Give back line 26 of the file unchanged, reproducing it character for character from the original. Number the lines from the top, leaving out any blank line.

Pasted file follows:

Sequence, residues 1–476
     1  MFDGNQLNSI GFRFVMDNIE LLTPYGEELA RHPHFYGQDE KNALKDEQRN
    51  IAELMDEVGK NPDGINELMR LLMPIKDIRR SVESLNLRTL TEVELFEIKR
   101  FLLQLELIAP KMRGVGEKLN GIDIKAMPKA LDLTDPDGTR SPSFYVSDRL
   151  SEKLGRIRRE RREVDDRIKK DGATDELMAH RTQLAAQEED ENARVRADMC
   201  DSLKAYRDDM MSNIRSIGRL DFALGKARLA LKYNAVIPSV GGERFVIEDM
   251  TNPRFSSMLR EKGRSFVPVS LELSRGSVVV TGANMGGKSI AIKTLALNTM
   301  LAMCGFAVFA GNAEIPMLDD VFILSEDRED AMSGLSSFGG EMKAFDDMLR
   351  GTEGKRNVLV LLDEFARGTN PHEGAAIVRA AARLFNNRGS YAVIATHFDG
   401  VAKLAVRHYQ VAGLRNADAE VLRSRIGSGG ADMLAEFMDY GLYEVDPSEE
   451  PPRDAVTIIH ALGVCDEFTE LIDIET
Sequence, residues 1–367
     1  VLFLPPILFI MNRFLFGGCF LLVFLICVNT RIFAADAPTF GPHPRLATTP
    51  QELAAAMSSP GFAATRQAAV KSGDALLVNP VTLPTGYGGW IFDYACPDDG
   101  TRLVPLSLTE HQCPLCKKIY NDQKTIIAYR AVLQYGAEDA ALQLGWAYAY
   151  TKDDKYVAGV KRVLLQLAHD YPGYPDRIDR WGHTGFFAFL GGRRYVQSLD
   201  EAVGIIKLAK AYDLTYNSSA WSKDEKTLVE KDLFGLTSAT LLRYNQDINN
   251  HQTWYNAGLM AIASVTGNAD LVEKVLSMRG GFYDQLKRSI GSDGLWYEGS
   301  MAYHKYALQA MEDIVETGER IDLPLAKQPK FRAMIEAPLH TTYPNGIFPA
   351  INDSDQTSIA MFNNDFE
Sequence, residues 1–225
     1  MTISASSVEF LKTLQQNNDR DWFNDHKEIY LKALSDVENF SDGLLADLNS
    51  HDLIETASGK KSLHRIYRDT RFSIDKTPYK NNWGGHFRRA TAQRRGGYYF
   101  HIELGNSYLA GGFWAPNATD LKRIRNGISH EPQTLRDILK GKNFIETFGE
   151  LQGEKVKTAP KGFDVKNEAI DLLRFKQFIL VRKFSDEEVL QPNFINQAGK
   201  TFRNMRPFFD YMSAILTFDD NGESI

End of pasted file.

   201  TFRNMRPFFD YMSAILTFDD NGESI